IncidentalIncidence t1_iycum5u wrote

because the new deal also included revenue sharing on ticket and jersey sales. Before, that money was going straight to USSF; now, the players get a cut of every ticket and jersey that USSF sells. Which means that the players are incentivized to promote the team more (good for USSF), the men are getting a whole new revenue stream that they weren't before, and the women are getting paid equally in the revenue sharing agreement. Everybody wins.


IncidentalIncidence t1_isby4ul wrote

>Of course it's higher, it's incredibly difficult for an American to immigrate anywhere within Schengen while any educated German would be welcome to the US and could enjoy a decent standard of living due to their high salary.

literally none of this is true. Schengen visas for Americans are pretty easy to get.

Hell, you can literally get a student visa to study in Germany for 300 euros a semester.

The requirements for Americans for Schengen visas aren't any different than they are for everyone else in the world (and more easily attainable for Americans than a lot of other countries in terms of higher education and work experience).

Conversely, it's a lot harder to immigrate to the US as a European, either for education or for work -- universities cost tens of thousands for foreign students, and H1-B jobs (skilled worker visas) are much more limited than the analog Schengen visas.

edit: replied and blocked? NICE

>You have no idea of what you're talking about but keep dreaming

I literally am an American holder of a Schengen residence permit you absolute muppet

>I live you have to literally prove to the ministry of labour that no candidate from the entire Schengen area could be found to fill your job application to let an American in.

You have to do that for every visa-sponsoring job in every country ever. You have to do that for all foreign (or in the Schengen area, non-EU) workers who don't already have a work permit; it has nothing to do with Americans. (And US companies also have to do that when they hire Europeans)

The difference being the Schengen countries give out a lot more of those permits than the US does H1-Bs, which are capped by law and decided by a lottery.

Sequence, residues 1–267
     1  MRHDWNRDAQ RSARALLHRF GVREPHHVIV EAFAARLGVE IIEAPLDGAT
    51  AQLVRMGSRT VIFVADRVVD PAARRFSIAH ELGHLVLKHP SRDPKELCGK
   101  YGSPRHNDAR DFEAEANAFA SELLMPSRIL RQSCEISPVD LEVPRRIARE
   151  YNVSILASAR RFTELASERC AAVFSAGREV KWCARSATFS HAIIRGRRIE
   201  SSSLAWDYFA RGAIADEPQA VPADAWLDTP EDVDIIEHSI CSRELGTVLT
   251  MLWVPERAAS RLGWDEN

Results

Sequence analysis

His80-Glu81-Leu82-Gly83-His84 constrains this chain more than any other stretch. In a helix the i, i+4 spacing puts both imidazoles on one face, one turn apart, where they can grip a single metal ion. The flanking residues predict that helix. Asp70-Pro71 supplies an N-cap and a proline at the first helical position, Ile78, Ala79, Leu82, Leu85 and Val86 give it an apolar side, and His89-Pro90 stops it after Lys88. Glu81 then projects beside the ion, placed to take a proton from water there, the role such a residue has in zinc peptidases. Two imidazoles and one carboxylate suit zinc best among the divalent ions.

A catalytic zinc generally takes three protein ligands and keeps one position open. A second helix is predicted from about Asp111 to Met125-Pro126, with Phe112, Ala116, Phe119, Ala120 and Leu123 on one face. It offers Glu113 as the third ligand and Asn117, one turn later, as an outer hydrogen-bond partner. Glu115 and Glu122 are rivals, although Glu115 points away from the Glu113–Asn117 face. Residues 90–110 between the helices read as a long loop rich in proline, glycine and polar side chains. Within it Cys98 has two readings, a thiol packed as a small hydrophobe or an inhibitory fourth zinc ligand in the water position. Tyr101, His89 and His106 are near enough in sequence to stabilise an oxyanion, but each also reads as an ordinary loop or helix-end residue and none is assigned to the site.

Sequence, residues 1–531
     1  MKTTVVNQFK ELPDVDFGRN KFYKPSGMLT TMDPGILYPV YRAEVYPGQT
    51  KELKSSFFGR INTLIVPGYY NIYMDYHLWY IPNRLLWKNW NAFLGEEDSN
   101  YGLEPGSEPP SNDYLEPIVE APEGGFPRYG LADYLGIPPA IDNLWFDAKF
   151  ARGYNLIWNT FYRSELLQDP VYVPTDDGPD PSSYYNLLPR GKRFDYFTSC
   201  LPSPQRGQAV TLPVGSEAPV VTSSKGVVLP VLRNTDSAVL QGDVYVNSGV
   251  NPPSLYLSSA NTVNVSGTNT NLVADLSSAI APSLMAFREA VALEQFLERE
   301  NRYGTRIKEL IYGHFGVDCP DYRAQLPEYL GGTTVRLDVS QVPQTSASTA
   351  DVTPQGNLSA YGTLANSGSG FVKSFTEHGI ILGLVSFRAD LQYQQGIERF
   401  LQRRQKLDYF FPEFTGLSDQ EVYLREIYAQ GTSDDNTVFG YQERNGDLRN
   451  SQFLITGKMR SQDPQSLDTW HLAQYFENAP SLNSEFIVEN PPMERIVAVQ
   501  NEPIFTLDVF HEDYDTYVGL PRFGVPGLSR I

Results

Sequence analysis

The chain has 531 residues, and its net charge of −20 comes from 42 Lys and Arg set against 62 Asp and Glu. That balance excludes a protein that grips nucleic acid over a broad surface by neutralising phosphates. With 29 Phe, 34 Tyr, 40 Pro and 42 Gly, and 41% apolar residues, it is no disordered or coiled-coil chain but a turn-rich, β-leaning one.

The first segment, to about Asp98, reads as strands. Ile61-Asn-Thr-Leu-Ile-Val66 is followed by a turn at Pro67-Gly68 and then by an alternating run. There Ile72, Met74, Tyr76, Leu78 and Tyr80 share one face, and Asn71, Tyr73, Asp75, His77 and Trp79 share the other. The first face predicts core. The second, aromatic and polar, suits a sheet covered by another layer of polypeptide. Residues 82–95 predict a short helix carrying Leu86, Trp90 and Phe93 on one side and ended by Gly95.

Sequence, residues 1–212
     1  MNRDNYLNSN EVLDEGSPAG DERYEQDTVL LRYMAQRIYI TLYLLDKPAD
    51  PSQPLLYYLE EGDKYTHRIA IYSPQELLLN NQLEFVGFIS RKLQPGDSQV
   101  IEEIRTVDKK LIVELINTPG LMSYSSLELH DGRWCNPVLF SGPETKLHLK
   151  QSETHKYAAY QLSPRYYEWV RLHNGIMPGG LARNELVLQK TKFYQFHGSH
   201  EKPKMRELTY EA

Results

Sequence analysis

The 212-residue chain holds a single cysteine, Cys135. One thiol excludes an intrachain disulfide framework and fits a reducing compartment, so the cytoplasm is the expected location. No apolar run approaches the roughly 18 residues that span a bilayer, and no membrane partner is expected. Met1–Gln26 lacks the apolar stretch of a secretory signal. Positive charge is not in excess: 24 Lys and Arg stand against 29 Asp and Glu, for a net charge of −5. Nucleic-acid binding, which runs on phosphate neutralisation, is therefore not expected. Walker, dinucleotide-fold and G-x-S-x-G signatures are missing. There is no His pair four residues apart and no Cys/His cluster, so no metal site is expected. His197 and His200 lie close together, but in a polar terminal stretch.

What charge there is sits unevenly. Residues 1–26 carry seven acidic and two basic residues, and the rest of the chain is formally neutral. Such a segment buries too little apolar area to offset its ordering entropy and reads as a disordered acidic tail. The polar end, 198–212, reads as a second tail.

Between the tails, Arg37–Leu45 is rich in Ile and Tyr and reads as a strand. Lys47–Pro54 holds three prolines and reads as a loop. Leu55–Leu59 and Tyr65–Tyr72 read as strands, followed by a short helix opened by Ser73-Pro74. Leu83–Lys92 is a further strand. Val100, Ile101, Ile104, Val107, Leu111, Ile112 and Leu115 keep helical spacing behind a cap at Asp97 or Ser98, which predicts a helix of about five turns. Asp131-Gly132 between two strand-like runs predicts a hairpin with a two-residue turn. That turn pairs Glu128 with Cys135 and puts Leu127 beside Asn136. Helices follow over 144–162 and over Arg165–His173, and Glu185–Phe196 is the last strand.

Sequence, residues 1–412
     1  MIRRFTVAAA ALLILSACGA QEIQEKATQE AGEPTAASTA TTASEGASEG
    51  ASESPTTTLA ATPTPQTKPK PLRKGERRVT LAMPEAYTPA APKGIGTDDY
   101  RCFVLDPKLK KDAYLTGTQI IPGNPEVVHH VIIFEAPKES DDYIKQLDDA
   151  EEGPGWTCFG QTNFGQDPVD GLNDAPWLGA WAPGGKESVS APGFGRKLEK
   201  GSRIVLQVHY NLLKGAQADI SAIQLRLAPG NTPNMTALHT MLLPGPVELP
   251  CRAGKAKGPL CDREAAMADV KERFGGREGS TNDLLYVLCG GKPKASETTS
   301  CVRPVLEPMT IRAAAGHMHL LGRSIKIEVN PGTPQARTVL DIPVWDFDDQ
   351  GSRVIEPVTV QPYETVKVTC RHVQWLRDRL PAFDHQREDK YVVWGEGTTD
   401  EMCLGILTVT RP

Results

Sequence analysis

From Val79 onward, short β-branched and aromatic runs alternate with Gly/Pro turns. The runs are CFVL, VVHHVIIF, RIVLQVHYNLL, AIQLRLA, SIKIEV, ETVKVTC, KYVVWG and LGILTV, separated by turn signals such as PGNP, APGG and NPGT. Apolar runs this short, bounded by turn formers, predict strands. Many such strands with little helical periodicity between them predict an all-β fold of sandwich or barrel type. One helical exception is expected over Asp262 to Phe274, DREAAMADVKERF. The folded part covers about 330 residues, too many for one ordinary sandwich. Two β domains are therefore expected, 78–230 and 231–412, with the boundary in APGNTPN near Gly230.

>Sure you can get in on a student visa but you'll have to leave after graduating so I wouldn't call that immigrating as you can't stay.

Having a degree from a German university lowers the requirements you need to get a permanent residence permit, lowers the requirements you need to apply for German citizenship, and grants you a grace period to stay in the country while you look for a job after you graduate.

The whole point of the freely available student visas is to encourage immigration.

>But given that you think living in a corrupt shithole without basic human decency is great I'd advice you stay there.

lmfao, cope more


IncidentalIncidence t1_isa63b6 wrote

lol. you fucking people will believe anything as long as as it confirms what you think you know.

Fine, you have no data. Let's look at the actual numbers.

If you download the 2021 County Health Data from UW Madison (which is aggregated from the National Center for Health Statistics' Mortality Files), you can count how many counties have a homicide rate of 0.

Here's the download page:

in "2021 County Health Rankings Data - v1.xlsx" we can go to the table "Additional Measure Data", and look at collumn FY. There we can see how many counties were had homicide rates that were 0 or statistically insignificant (which we know from the documentation means less than 10 homicides in total over the 7-year time period that was used to for the average). if we put in a formula =COUNT(FY1:FY3195), it spits out our answer: 1351 of the 3195 counties in the survey had a homicide rate that was either 0 or too low to be statistically representative.


IncidentalIncidence t1_is74s4b wrote

I highly doubt that, since crime in the US is highly concentrated into very specific geographical areas. Not to go full Fox News, but there's that stat they love to pull out that "removing the top 5% of most dangerous US counties would drop the US murder rate to 2.5/100k".

There are a lot of counties in the US that have homicide rates of 0/100k.